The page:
Well, the Juno backlash is bound to start really sucking in a couple of days now. I hope to miss the whole thing by going to The New Beverly come Oscar Night, watching The Apple and Stunt Rock. I’m sure the highlight reel I skip will be just as illuminating.


I swear to god I saw a trailer for Vantage Point a year ago and a half ago on The Fountain. At least it feels that way. Though I could only find a trailer street date of June 8th (putting it with Fantastic Four 2), which is still a hella long time to be selling a February release. This though raises an interesting point (in my mind), which is that there are really only about twenty films a year that a studio banks on, the rest need good release dates, and that strange whatevers that can happen to get a film an opening weekend that might get the film into the black by DVD, or perhaps even profitable through theatrical. For Oscar weekend, Vantage Point is opening on 3,200 screens against Charlie Barlett, which was yanked from an August release date until February and is only on 1,100, Be Kind Rewind on 800, and Witless Protection, starring Larry the Cable Guy, on idiot screens… err 1,300.

Since Delta Farce, Larry’s last film, opened at $3 Million, it’s fair to say if it gets to $5, everyone’s happy. Be Kind is being sold limited, so if it has a good per screen, and gets high in the bottom of the top ten, everyone’s happy, but it’s a let-go domestically. Bartlett‘s been bumped around so much that this feels like a gimme, and the studio doesn’t care. Vantage, though, should handily take the weekend if Jumper has no staying power (it won’t). What a triumph.

WHAT OSCAR MEANS TO YOU: THE CONSUMER (go Amy “Beadie” Ryan and Diablo Cody)

Dick all, really. It’s a glorified marketing tool. It says nothing about the quality of the year, the films, and you know what? Most of the academy is too busy making movies to generally watch them. Hang out in Hollywood long enough, and you realize that most people in this town don’t even spend time seeking out the obscure or interesting – they mostly just watch recent stuff because they want to work, and want to know what’s good, who’s hot, etc. Or, more to the point: Hollywood is a town of whores. Shock, horror. A good critic’s list will do you better for a sense of what’s worth what in the year, while nothing beats personal experience. But critics (and to some extent the Academy) act as taste testers to save you the misery of watching something like In the Name of the King, or pointing out the gems you might have missed, like I’m Not There, or Gone Baby Gone.

The real benefit of the awards these days is to ancillary sales and future deals. There Will Be Blood gets a couple more runs on late night cable cause it was nominated for eight academy awards and should win at least three (Actor, DP, and Production Design – though DP could swap with editing if the academy blanches at giving an award to a fictional character while also getting their poop together and rallying behind one Roger Deakins film or the other). While five-time academy award nominee Paul Thomas Anderson might be able to squeeze an extra five or ten million out of his next budget because he may deliver more nominations, which means more ancillary sales. As long as the script isn’t too Magnolia-ish.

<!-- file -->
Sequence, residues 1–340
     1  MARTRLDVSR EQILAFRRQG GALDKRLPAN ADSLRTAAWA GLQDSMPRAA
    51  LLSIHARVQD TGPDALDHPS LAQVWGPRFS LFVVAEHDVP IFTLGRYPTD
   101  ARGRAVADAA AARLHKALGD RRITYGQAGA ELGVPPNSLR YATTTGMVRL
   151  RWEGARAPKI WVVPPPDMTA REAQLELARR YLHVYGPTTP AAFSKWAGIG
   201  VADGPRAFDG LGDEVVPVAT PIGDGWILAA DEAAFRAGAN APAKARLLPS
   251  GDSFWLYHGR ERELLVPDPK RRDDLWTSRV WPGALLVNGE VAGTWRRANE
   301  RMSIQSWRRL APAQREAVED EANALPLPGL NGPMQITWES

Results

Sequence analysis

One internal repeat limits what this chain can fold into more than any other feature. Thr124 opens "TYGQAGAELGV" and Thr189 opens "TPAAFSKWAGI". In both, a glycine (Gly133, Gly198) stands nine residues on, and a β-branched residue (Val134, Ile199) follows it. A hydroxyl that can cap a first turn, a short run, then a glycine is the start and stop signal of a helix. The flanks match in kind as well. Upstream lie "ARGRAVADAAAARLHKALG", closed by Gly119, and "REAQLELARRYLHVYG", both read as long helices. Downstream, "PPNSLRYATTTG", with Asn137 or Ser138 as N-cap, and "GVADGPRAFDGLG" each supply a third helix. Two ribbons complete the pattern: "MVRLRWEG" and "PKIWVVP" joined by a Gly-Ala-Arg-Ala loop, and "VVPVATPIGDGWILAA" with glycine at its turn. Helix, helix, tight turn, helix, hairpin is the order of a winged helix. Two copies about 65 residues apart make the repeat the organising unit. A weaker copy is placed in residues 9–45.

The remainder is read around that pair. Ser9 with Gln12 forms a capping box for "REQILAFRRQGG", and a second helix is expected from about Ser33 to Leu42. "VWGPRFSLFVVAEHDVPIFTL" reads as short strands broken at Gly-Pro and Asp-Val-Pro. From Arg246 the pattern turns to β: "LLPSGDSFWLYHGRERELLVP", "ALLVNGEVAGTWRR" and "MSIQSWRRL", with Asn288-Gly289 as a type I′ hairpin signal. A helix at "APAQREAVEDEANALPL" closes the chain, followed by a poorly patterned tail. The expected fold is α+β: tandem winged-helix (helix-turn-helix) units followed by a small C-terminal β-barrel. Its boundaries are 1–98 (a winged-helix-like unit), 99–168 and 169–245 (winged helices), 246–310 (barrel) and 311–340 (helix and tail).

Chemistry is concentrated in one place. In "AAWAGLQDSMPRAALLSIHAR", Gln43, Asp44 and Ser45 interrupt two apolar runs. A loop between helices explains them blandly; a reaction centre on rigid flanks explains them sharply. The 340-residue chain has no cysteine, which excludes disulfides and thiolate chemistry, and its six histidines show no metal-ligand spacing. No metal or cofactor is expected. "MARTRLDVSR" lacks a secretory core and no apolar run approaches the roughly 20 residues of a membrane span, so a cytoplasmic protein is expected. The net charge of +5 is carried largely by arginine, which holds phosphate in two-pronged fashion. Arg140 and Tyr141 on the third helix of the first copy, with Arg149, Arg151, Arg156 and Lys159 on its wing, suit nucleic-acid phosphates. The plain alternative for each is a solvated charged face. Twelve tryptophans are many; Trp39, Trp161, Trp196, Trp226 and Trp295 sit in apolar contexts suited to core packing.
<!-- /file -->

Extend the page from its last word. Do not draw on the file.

It used to be that Oscars were beneficial to the theatrical run (there’s no other way Driving Miss Daisy would have crested $100 Million – back when it meant something – if it weren’t for Oscar glory), but only Juno and There Will Be Blood are on more than a thousand screens, while Michael Clayton is already on DVD, Atonement will be on DVD by March, and No Country for Old Men, Juno and There Will Be Blood are scheduled to street in April. But, again, the academy award means video stores and Netflix will purchase more copies, and that means more money for the filmmakers, and everyone involved. It’s the circle of life. Except in this case it’s the circle of alchemy. Turning art into gold (statues, in this case, which will lead to additional monies).


Vantage Point, essentially the only movie opening this weekend, should carry itself to a #1 position during a statistically weak weekend. Semi-Pro should open huge next weekend, and then there should be a series of strong weekends until April thins the herd and blood a bit, and then summer kicks in. We’re only two months and two weeks away, scary as that may sound. But that’s also Hollywood’s summer, not summer summer. May is the new June, y’all. Vantage is tracking around twenty, which should be enough to hold off last week’s lot. And that’s really all that’s needed to win. None of the other openers have a shot at cracking the top five.

I won’t fall for the oldest trick in the book

So don’t sit there and think you’re off of the hook

By saying there is no use changing ’cause:
1. Vantage Point - $21.6 Million
2. Jumper - $14.8 Million
3. The Spiderwick Chronicles - $14.6 Million
4. Step Up 2 The Streets - $8.3 Million
5. Fool’s Gold - $7.6 Million

Acting steady, always ready to defend your fears. Catch you guys Sunday before I try and navigate Oscar traffic in Los Angeles just to watch awesome(ly badly awesome) movies.